The Red Dragon looks interesting, and isn't much more than the C500 II, but in order to put it into the same segment, i'd have to rig it up with all kinds of weird addons to get basic audio inputs and ND. I don't want to use a matte box, I don't want to run external audio, I just want the camera to work.

    For low light, it would have to be the C500, the others don't come close.
    For high frame rate, the Red and the URSA G2 win.
    For color, motion, and cinematic look, the Red wins, with I believe the Canon coming in second.

    Not sure what the answer really is at this point.

    Attachment 137575
    You forgot Varicam LT which retails about $10K with the current promotion.


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    Senior Member chris f's Avatar
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    Some interesting tidbits from Canon in this C500MKII presentation they did recently:



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    Senior Member puredrifting's Avatar
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    Quote Originally Posted by chris f View Post
    Some interesting tidbits from Canon in this C500MKII presentation they did recently:

    You going to spring for one Chris? Sounds like you are leaning that way. The recent CVP video (I think it was CVP but it might have Pro AV, one of the UK retailers), to me, the AF system on the FX-9 behaved better than the C500 MKII, which is really impressive. AF is huge for me, I use it on about 70% of our shoots.
    It's a business first and a creative outlet second.
    G.A.S. destroys lives. Stop buying gear that doesn't make you money.


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    Senior Member chris f's Avatar
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    Quote Originally Posted by puredrifting
    You going to spring for one Chris? Sounds like you are leaning that way. The recent CVP video (I think it was CVP but it might have Pro AV, one of the UK retailers), to me, the AF system on the FX-9 behaved better than the C500 MKII, which is really impressive. AF is huge for me, I use it on about 70% of our shoots.
    Leaning that way, but could also see myself taking a hard left turn out of the Canon ecosystem entirely. I'm planning on using downtime over the holidays to really look at where my business is at, where I want to go, and then deciding what gear decisions would best support that choice. For where my business is currently at, staying within Canon and adding the C500MKII as my workhorse for the next 2-5yrs seems like a no-brainer, but I'll admit I'm starting to get bored with the idea of doing more of the same.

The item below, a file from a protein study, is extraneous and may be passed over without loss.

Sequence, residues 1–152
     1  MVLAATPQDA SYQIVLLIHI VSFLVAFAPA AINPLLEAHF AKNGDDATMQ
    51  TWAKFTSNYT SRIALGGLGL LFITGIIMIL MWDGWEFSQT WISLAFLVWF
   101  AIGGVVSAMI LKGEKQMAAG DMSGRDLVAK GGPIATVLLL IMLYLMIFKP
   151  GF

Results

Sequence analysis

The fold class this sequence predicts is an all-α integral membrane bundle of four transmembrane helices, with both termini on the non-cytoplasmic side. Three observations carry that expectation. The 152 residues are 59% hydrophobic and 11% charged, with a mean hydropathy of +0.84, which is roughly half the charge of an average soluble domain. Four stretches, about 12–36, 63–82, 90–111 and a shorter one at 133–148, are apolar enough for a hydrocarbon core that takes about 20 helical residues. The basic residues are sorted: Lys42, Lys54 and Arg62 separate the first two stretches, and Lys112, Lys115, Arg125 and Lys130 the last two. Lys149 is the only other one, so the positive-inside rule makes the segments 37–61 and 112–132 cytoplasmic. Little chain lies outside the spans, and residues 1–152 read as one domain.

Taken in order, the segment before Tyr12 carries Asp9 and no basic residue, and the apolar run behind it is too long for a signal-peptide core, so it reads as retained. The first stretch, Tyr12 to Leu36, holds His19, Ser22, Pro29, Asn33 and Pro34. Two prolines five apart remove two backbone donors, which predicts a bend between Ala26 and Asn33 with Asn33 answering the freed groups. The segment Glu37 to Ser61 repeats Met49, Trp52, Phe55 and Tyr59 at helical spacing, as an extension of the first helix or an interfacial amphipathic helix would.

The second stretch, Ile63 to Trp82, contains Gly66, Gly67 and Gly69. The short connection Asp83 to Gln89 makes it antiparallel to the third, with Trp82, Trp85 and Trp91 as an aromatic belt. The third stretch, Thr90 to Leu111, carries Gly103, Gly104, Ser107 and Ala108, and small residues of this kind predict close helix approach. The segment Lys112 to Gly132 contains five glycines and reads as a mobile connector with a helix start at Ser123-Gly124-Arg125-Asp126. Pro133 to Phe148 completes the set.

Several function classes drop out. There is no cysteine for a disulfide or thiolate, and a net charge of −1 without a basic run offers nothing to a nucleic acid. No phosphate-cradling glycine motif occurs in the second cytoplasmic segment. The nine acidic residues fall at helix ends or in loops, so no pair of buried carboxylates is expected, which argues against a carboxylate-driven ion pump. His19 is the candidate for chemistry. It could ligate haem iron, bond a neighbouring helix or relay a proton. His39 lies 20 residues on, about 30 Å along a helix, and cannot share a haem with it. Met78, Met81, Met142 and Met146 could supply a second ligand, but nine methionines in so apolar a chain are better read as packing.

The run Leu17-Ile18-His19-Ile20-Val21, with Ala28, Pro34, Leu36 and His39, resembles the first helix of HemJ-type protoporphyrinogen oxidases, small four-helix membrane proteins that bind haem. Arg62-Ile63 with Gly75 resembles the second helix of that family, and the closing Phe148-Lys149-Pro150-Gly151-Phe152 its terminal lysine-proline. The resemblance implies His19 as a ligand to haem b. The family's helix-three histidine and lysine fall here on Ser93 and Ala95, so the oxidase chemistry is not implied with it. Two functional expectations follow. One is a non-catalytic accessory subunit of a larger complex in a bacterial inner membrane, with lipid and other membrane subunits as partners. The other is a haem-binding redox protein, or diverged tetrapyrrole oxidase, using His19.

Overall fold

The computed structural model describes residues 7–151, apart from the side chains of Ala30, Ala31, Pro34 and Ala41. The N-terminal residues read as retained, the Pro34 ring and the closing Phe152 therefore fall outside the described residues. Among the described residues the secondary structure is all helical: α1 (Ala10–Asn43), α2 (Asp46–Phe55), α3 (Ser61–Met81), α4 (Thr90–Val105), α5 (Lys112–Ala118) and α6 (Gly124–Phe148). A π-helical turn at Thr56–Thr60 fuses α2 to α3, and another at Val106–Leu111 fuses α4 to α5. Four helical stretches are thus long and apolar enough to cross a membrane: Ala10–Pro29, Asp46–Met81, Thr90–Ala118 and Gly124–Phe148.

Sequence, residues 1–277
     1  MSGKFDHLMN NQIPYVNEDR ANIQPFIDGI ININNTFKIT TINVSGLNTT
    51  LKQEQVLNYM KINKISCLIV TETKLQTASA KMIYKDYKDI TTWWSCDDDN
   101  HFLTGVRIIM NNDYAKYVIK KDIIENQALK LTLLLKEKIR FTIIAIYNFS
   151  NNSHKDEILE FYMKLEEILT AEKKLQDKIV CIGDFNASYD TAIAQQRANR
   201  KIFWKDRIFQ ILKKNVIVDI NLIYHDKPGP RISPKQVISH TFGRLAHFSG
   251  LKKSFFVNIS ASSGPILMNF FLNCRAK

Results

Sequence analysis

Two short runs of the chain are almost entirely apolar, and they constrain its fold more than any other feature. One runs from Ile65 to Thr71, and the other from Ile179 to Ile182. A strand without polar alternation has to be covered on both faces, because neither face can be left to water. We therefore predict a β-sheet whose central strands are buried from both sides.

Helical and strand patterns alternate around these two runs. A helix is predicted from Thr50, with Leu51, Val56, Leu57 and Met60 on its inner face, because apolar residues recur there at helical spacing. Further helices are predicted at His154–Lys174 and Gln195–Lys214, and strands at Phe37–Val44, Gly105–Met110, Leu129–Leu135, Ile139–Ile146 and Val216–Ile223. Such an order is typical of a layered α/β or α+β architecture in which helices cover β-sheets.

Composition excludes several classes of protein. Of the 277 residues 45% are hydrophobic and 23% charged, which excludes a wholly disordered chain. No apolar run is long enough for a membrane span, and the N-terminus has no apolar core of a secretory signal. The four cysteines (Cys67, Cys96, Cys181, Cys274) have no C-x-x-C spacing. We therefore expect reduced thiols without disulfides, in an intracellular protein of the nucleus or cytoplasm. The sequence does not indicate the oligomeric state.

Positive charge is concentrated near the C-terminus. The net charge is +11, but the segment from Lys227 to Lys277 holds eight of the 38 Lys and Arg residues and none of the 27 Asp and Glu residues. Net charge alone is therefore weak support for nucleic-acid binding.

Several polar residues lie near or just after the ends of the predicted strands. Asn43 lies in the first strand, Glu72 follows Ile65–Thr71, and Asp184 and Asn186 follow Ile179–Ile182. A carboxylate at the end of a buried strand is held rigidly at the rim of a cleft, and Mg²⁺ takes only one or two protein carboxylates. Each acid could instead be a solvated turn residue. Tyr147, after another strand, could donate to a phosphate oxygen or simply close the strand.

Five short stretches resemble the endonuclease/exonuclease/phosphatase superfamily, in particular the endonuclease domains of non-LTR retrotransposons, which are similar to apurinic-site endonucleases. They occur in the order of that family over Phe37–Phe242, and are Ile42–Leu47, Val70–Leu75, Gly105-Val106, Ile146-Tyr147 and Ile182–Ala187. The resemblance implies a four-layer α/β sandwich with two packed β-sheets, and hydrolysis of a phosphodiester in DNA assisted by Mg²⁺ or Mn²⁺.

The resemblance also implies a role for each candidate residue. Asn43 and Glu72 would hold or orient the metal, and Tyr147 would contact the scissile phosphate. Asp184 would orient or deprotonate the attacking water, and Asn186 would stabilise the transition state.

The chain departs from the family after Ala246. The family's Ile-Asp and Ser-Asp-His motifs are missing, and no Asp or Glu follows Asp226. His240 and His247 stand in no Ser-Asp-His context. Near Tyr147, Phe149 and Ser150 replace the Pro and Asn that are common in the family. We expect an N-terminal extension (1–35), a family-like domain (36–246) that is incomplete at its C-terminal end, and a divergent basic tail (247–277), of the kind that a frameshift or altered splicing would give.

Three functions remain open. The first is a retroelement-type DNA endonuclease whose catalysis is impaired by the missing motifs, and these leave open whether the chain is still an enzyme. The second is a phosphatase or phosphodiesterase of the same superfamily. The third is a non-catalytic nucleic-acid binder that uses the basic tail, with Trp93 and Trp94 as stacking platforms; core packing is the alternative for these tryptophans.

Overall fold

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    Quote Originally Posted by chris f View Post
    Leaning that way, but could also see myself taking a hard left turn out of the Canon ecosystem entirely. I'm planning on using downtime over the holidays to really look at where my business is at, where I want to go, and then deciding what gear decisions would best support that choice. For where my business is currently at, staying within Canon and adding the C500MKII as my workhorse for the next 2-5yrs seems like a no-brainer, but I'll admit I'm starting to get bored with the idea of doing more of the same.
    Alexa mini LF?


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    Quote Originally Posted by rob norton View Post
    Alexa mini LF?
    Highly unlikely. Too rich for my blood as I'm not in the commercial world. Alexa Classic would probably the way I'd go if I were to wade into the Arri ecosystem, but that would have to be a very well thought out, intentional decision for sure.


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    Quote Originally Posted by chris f View Post
    Highly unlikely. Too rich for my blood as I'm not in the commercial world. Alexa Classic would probably the way I'd go if I were to wade into the Arri ecosystem, but that would have to be a very well thought out, intentional decision for sure.
    Hah yes same here, although you never know. Are you trying to get into the commercial world?

    I think an older alexa would be great for pure narrative projects but it's a pretty tough sell vs. the small footprint of the c-series cameras, along with stills lenses and smaller support.